Transcript - Find a lifejacket to fit your lifestyle

We all know that our lifejackets are a go-to piece of safety equipment whether we happen to be skiing, or sailing, or just enjoying a day out on the water.

Nick, these days there are literally hundreds of lifejackets to choose from and they're more comfortable than ever before.
But the trick is choosing one that is right for you.

Lifejackets are classified according to the amount of buoyancy they provide and the level of visibility.

In Victoria, which one you need to wear depends on where you are and what you're doing.

There are three types of lifejacket:

Type 1 is a jacket that is required on most boats whilst operating on costal or enclosed waters.
These are the type of jackets that will provide you with ample buoyancy to ensure that your head will remain clear of the water.

The inflatable type jackets fit into Type 1, as will your zip and click style jackets that have a collar.
Type 1 jackets have the most buoyancy – a minimum of 100 Newtons and the all-important collar to keep you head out of the water.

For power boating in either enclosed or offshore situations, it's pretty simple:
A type 1 lifejacket is required for every person on board.
You need to have that Type 1 just in case something does happen and you fall in the drink.
You're going to have your head supported and it's going to keep you above water.
Especially if you're boating alone as well, it's good to have that collar in case you trip over and knock yourself out.
At least you've got a better chance of survival.
So if you're in a power boat in either enclosed or offshore waters, a Type 1 jacket for every person on board is the simple rule.

Type 2 and 3 jackets only have 50 Newtons of buoyancy and no head support, and won't cut it offshore.

A Type 2 jacket is a jacket you would see used for watersports (like waterskiing, kayaking or riding a PWC). They come in bright colours.
Now Michelle, this is where it does get a little bit confusing - telling the difference between a Type 2, which you are holding, and a Type 3, which I am holding.
What is the actual physical difference between these two jackets?

Yes, I can see how people can get confused.
The only difference is the colour.
So with the Type 2, you've got the bright colours. Hi-vis.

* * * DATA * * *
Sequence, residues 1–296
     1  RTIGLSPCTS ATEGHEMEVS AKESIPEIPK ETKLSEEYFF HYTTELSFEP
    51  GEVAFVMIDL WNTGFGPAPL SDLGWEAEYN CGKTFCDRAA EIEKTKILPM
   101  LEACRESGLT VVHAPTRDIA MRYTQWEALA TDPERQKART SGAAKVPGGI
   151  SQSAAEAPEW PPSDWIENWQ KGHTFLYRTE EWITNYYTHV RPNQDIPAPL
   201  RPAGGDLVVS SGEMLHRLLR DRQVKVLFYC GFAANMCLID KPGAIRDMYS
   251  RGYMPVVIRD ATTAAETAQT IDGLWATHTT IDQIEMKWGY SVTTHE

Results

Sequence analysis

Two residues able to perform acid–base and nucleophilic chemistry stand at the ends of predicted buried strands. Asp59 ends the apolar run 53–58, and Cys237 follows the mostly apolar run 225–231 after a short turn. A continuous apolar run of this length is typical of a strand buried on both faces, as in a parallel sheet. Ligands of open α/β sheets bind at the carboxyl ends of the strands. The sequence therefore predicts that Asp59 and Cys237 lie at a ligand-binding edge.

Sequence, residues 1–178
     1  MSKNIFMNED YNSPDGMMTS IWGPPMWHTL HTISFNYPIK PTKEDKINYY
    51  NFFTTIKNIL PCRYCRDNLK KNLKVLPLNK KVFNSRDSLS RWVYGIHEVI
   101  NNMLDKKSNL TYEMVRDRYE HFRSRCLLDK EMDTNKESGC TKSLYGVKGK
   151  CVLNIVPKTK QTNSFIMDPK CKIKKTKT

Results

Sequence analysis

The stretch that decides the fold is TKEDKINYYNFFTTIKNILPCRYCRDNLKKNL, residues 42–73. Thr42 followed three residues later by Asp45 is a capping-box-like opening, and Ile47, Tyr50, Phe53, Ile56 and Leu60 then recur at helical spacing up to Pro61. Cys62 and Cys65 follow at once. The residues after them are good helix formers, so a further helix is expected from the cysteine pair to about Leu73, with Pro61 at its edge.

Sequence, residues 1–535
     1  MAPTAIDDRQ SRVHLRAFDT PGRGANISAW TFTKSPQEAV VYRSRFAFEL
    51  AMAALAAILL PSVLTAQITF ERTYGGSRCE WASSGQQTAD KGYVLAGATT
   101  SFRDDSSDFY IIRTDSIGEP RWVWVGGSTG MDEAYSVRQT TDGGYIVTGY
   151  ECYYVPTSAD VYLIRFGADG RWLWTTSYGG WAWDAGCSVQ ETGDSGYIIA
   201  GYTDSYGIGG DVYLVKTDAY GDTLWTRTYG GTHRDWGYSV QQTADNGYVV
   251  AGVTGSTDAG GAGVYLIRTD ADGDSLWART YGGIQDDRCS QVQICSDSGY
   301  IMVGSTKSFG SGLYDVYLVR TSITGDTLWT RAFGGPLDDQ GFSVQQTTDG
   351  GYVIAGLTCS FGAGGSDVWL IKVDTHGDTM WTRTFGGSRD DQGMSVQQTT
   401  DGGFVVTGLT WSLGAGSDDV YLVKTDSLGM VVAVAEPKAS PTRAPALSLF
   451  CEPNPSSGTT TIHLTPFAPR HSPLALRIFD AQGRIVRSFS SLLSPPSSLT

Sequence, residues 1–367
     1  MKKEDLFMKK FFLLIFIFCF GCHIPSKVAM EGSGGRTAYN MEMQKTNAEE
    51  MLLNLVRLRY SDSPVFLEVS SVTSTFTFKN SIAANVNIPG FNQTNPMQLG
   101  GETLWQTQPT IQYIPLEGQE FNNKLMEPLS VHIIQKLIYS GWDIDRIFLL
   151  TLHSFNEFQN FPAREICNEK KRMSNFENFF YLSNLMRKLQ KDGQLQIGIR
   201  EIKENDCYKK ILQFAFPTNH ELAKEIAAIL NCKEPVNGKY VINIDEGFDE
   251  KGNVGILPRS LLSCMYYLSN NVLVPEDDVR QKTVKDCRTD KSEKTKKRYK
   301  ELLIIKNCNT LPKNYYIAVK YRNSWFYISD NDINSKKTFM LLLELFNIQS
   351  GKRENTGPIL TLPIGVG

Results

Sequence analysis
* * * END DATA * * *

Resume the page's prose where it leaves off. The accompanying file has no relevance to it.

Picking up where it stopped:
And with these Type 3s, they can be any colour.
There you go – clear as mud!

And it's worth remembering that a Type 1 lifejacket can substitute a Type 2 or 3, but not the other way around!

So Michelle, the lifejacket regulations are a kind of horses for courses situation, depending on what you're doing and where you are dictates what you need to wear.
For example, kayaks are very popular now – are there special regulations there?

Yes, there is. You need to wear a Type 1, 2 or 3 jacket at all times.
What's the reason for that?
The reason is that if you do fall out – which is quite likely – the kayak can quickly float away from you.
They blow away because they're very light.
They do.
There are now jackets that you can get that are designed for kayaking?
Yes there are. So this one is actually specifically designed for paddle sports.
You can see the shoulders here – they're quite thin so you get good movement.
And you can be out there all day long.
Paddle all day with no chaffing. Brilliant!

Kids under 10 need to wear a lifejacket at all times whilst on the water.
Making sure their jackets fit properly and comfortably is important.
A crotch strap is also a good idea.
Identifying which Type of jacket you have is usually pretty straightforward.
You can also see what Type of lifejacket you've got by looking at it.
This one here has the tick, so it meets the Australian standard. And it's a Level 150.

The other thing to bear in mind – if you're wearing one of these inflatable jackets is that it is in service and will work when you need it to.
Inflatable jackets must be serviced according to the manufacturer's recommendations.
Different manufacturers have different requirements so it pays to check.

The lifejacket you wear depends on where you are and what you're doing but as more and more Victorian boaters are discovering
it makes good sense to wear a lifejacket every time you head out on the water.

There are some specific laws for Victoria that require the wearing of lifejackets while on all types of boats.
Our recommendation is that people consider wearing a lifejacket at all time while out on the water.

So remember: Wear a lifejacket, or others wear the consequences.